Climate Nuts Point to Temperature Spike, But They Don’t Want You to Zoom out

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Climate Nuts Point to Temperature Spike But They Dont Want You to Zoom out
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If you heard just a millisecond of a song, would you be able to instantly recognize the tune?

More importantly: From just that tiny moment of sound, would you be able to reliably predict how the melody goes for the rest of the song?

Of course the answer is “no,” but predicting a long-term trend from a sliver of data is exactly what climate change alarmists try to do on a daily basis.

An eye-opening chart reveals a spike in the global temperature at first glance — but as soon as you zoom out and look at the whole picture, that “spike” becomes almost comically small.

The visualization of available world temperature data covers nearly 540 million years.

Obviously, dinosaurs from the Triassic and Jurassic period weren’t roaming around with thermometers and reporting back to Al Gore during earth’s early years. In order to estimate global temperatures from so long ago, climate scientists use “proxies” to fill in data points.

A proxy is basically physical evidence that suggests a certain temperature from a past period of time, but doesn’t confirm it.

One of the most noticeable features of the 540 million year long graph is just how much the temperature fluctuated over time —  and how high the earth’s temperature was before mankind even entered the Stone Age.

Climate scientists acknowledge that the globe was dramatically hotter during the Eocene period, purportedly 50 million to 30 million years ago, than it is today.

“The Eocene began as a time of global warming, with temperatures across the planet soaring,” BBC News explained. “Forests thrived and trees grew even in polar regions.“

Global temperatures were so high that experts believe neither the north or south poles had any ice.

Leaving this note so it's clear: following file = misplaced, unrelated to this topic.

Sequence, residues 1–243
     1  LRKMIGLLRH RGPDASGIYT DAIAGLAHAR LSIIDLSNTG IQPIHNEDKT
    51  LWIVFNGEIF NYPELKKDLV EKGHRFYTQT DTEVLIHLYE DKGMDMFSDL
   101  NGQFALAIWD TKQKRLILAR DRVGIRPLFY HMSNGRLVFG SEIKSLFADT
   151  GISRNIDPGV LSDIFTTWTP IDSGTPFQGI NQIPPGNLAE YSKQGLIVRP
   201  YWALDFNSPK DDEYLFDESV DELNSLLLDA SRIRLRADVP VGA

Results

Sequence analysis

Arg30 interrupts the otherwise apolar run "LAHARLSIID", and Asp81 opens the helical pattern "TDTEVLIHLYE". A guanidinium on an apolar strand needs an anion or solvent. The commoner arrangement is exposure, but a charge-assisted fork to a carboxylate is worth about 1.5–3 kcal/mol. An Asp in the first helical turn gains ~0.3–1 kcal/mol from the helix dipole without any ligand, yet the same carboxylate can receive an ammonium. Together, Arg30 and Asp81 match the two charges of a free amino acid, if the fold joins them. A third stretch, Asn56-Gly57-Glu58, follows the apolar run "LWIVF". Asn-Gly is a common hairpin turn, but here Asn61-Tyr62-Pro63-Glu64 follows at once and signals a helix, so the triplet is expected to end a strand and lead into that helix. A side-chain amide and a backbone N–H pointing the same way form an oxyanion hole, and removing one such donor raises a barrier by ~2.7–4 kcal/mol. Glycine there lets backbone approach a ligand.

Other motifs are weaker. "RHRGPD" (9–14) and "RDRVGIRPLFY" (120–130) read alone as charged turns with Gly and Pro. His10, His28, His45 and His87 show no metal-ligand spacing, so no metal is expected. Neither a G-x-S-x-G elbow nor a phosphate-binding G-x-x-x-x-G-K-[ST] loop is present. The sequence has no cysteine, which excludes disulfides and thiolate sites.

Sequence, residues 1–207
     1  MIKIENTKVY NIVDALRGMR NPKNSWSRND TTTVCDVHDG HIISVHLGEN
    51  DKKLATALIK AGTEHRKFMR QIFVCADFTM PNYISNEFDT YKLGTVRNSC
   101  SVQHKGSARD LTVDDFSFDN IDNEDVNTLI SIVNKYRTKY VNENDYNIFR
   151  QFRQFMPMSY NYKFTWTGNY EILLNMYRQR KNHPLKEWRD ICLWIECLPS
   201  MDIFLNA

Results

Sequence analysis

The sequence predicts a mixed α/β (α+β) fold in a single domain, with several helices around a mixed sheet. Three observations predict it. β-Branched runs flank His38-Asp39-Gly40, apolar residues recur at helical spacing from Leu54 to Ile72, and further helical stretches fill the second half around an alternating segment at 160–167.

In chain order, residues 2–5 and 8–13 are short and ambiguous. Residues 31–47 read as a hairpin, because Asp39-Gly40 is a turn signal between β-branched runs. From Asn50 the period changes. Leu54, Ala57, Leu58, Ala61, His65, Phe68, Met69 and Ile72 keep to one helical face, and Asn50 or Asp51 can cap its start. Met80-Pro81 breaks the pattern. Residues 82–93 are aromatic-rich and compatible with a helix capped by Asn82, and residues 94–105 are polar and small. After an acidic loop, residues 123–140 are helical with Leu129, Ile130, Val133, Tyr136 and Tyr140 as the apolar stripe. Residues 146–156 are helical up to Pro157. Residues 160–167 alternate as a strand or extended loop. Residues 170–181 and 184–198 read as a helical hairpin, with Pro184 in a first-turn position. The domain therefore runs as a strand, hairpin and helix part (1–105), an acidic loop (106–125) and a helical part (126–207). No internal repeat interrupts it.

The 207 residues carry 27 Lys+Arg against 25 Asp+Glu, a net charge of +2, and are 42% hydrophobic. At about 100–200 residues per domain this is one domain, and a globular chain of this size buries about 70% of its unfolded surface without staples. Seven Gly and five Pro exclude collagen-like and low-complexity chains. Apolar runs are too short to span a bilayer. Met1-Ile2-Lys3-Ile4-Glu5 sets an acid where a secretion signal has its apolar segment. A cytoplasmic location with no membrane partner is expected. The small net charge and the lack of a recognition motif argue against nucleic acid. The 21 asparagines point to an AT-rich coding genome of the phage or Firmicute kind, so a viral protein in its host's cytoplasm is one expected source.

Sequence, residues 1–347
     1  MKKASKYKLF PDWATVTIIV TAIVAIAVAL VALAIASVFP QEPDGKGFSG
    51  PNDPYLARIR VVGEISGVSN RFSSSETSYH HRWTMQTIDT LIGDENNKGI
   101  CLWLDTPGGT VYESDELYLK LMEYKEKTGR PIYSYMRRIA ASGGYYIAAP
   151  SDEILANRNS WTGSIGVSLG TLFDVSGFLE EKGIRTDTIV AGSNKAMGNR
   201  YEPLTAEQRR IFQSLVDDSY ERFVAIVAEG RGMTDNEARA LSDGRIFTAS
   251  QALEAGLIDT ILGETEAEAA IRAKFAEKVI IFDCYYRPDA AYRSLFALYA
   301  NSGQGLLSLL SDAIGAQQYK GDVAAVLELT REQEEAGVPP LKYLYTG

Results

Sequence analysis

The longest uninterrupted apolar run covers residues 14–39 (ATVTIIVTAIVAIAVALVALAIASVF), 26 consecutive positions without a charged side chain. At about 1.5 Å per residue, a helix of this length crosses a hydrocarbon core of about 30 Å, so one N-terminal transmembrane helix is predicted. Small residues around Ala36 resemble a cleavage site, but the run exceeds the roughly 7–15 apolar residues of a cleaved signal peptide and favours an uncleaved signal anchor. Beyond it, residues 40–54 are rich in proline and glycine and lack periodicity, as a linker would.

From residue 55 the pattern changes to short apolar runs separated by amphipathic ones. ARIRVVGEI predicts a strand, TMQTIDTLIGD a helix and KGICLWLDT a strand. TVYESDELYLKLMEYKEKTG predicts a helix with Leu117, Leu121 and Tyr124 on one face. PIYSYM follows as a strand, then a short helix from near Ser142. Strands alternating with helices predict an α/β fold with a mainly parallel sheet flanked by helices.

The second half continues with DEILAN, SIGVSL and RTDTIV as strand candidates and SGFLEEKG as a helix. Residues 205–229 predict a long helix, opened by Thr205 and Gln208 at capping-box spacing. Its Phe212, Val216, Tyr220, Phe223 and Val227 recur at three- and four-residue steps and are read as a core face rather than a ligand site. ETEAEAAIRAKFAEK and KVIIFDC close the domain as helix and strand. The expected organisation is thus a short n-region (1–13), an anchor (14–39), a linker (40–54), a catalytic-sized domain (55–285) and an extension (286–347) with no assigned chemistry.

The reason must have been that prehistoric bears drove SUVs and refused to pay a government carbon tax. There is no other explanation.

Earth’s average temperature continued to fluctuate dramatically in more recent times, with “recent” being a relative term. Over the last several hundred thousand years, spikes and troughs in the temperature data are common. The graph line looks more chaotic than a Hillary Clinton lie detector test.

If the scientific data is accurate — which can sometimes be a very large “if” — the global temperature began to noticeably and steadily rise 20,000 years ago.

Remember, this is well before recorded history. “Civilization as we know it is only about 6,000 years old, and industrialization started in the earnest only in the 1800s,” states Universe Today.

While early cavemen were still trying to grok sticks and mammoths roamed the earth, the average temperature increased and the world was pulled out of an ice age.

Despite those dramatic pre-historic temperature changes, animals and mankind adapted.

“It was during the Pleistocene that the most recent episodes of global cooling, or ice ages, took place,” states the University of California at Berkeley, hardly a bastion of conservative thought.

“Much of the world’s temperate zones were alternately covered by glaciers during cool periods and uncovered during the warmer interglacial periods when the glaciers retreated,” the university continued.

“Did this cause the Pleistocene extinctions? It doesn’t seem likely; the large mammals of the Pleistocene weathered several climate shifts.” Those temperature changes were far more dramatic than even the most alarmist predictions of leftists today.

After all of these changes, during which man advanced at a rapid pace and history as we know it began, something bizarre happened…

(CONTINUED ON FOLLOWING PAGE)

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